The Great Myth of Employee Engagement


 

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The hottest topic for most organizations this year is “Employee Engagement.” How are we keeping our employees and team members engaged and excited about their work? How do we increase team member productivity without increasing our costs? Study after study tells us engaged employees work harder, stay longer, perform at higher levels, and overall help build profitable organizations that people WANT to come and work for.

Every year numerous publications post their lists of top companies that everyone says they want to or love working for. I bet you can probably guess which company is at or near the top every year: Google. We’ve all seen pictures and video of the Google campus with its nap pods, ping pong tables, video games, free food from what appears an on-site supermarket, dog walking service, ride service, you name it service, all designed to do what? Increase team member engagement. Of course they are going to top the list for best companies to work for, right?

Here’s an interesting statistic for you. What is the average tenure of a Google team member? Personally, my first guess was 5 to7 years, so you can understand my surprise when I learned it was 12-14 months. So here’s a question: If Google is such an amazing place to work and everyone loves being there, then why do so many people leave after such a short period of time? If your company was burning through people every 18 months would you feel like you were hitting the mark on employee engagement?

The myth is that team members want to have playgrounds and smoothie bars at their workplace in order to be engaged, but the reality is they already are engaged, just usually not on their work.

Think about it for a minute. How much time are people actively participating with some sort of the social media platform? Would it be fair to say that most are focused and have an intended outcome in mind with this interaction? So clearly we are engaging in something, and the fact is psychologists and social scientists all agree that the natural state of the human experience is engagement. What that says simply is we would all prefer to be engaged rather than the opposite.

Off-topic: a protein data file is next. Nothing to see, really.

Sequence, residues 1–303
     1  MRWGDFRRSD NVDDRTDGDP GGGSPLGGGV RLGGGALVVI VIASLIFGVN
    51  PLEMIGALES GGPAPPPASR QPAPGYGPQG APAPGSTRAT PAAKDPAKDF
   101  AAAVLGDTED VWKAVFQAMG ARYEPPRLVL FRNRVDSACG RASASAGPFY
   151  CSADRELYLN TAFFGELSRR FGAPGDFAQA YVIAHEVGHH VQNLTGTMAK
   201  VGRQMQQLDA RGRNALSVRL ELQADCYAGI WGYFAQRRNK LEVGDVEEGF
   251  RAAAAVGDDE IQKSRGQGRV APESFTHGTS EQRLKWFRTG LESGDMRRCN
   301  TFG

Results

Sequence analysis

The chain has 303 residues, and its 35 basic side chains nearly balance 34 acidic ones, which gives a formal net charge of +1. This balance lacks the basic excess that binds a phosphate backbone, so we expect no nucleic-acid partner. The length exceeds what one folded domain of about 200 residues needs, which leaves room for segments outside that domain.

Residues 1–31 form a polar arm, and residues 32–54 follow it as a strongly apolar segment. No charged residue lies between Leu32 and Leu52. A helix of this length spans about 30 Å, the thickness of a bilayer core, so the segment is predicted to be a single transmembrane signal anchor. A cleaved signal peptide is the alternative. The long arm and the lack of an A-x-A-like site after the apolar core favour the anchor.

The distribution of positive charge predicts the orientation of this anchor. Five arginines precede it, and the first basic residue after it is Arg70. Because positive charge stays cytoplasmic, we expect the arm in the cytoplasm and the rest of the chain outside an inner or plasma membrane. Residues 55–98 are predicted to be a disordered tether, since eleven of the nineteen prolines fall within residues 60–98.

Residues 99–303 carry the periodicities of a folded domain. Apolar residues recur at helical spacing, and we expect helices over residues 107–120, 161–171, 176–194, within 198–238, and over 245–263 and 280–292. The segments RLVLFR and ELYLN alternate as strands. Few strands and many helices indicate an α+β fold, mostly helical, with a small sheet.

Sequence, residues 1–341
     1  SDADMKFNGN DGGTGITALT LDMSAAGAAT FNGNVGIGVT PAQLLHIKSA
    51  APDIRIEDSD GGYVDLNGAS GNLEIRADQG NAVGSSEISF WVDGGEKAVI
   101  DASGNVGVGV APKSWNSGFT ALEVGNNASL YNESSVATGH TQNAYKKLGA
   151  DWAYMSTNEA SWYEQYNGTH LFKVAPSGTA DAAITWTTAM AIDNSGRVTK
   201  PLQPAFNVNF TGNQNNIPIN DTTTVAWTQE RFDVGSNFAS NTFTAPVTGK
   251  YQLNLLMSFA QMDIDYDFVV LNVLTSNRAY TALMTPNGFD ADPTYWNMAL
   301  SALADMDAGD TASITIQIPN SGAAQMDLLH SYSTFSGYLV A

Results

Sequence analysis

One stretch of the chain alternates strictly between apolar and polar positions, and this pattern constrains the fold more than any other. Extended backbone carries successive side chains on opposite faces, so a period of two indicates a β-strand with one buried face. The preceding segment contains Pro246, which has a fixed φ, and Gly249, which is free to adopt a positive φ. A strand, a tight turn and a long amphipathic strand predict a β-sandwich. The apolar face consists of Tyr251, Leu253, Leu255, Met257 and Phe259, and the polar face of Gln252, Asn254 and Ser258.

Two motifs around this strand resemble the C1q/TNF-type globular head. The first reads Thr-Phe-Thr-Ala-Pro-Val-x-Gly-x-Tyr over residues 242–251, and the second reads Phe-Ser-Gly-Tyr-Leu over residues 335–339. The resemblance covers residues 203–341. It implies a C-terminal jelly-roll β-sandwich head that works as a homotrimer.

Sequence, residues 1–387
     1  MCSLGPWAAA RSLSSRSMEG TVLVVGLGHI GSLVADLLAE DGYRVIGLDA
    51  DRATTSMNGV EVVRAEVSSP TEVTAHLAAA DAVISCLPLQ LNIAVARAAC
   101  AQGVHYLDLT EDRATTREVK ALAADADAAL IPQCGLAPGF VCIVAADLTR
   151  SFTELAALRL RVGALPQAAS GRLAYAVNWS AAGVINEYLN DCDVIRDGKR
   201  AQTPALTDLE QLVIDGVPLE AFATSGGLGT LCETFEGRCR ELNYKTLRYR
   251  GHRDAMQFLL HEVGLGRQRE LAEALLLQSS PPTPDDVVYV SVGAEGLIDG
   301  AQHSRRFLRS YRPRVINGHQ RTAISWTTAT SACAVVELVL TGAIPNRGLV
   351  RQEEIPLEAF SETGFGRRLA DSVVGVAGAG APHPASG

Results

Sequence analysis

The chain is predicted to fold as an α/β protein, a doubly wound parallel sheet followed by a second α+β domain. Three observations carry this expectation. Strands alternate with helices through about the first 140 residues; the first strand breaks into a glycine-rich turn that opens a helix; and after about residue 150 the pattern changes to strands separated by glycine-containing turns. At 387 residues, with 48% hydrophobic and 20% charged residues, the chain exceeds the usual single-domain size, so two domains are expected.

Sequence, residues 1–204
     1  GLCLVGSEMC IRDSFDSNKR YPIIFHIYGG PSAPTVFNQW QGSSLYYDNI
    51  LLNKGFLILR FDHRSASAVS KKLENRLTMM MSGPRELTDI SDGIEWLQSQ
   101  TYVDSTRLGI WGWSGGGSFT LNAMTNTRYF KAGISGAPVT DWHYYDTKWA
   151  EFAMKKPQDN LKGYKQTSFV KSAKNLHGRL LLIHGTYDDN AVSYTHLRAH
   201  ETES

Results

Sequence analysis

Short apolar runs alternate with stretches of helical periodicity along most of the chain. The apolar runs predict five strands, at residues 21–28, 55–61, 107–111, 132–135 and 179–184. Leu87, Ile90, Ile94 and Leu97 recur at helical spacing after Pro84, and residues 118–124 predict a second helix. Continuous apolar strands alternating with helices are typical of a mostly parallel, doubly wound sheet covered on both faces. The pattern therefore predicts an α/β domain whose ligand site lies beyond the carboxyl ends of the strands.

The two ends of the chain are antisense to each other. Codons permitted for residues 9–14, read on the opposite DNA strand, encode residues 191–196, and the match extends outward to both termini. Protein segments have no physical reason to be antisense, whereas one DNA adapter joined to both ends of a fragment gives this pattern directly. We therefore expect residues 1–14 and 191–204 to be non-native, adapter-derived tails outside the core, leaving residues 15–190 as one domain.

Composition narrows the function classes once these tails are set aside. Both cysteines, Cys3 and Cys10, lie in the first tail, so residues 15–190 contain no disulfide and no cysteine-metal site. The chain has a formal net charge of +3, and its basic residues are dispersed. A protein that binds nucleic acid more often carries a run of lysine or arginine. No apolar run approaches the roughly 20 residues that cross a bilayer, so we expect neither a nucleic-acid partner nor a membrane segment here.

So how do we get people to do what they actually would do naturally otherwise? Start by asking yourself the right questions. Why do you come to work everyday? What charges you up to come in and fight the good fight? I bet it’s not to come in and take a nap in a chair, play ping pong, or get a free cappuccino.

Think about the best days you have in the workplace for a minute and ask yourself – What did I do that day that made it feel so special?

Most will say they accomplished or created something, or felt like they were valued or created value in some way. Others may say they connected with someone at a meaningful level. Maybe you learned how to do something or mastered a skill that you never thought you could.

The common denominator here is that you felt as though something you did actually mattered, that is was important and worthwhile. The first and probably most important step to creating and building team member engagement is helping your employees find meaning and purpose in what they are doing every day. I realize that it’s not always easy to find that meaning, so it’s up to you to help create the meaning with your mission and values.

Remember people do not work for money, they work for people. A paycheck is just part of the contract and a baseline expectation. Just like like the air we breath, team members expect a paycheck to be there regardless of the circumstance. If I feel like what I do matters, that it’s important and makes a difference (and not just to the bottom line) then it’s starts to feel less like work and more like life. That is how to create engagement.

Ask yourself this week:

How engaged is my team in the work we are setting out to accomplish this year?

What would my team members say if we asked them about the work they do?

Would they feel as though it mattered and made a difference?

How are you instilling a sense of accomplishment and creating value with your employees? Would you believe it yourself?

What steps am I willing to commit to this week to connect my team members with the overall mission and values of my organization? What impact will that have on my team?

 

Thoughts for the week:

To win in the marketplace you must first win in the workplace. – Doug Conant

When people are financially invested, they want a return. When people are emotionally invested, they want to contribute. – Simon Sinek

Business and human endeavors are systems… we tend to focus on snapshots of isolated parts of the system. And wonder why our deepest problems never get solved. – Peter Senge

On what high-performing companies should be striving to create: A great place for great people to do great work. – Marilyn Carlson

Engaged employees stay for what they give (they like their work); disengaged employees stay for what they get (favorable job conditions, growth opportunities, job security)-Unknown

People want to know they matter and they want to be treated as people. That’s the new talent contract. – Pamela Stroko

Looking forward to our next conversation

 

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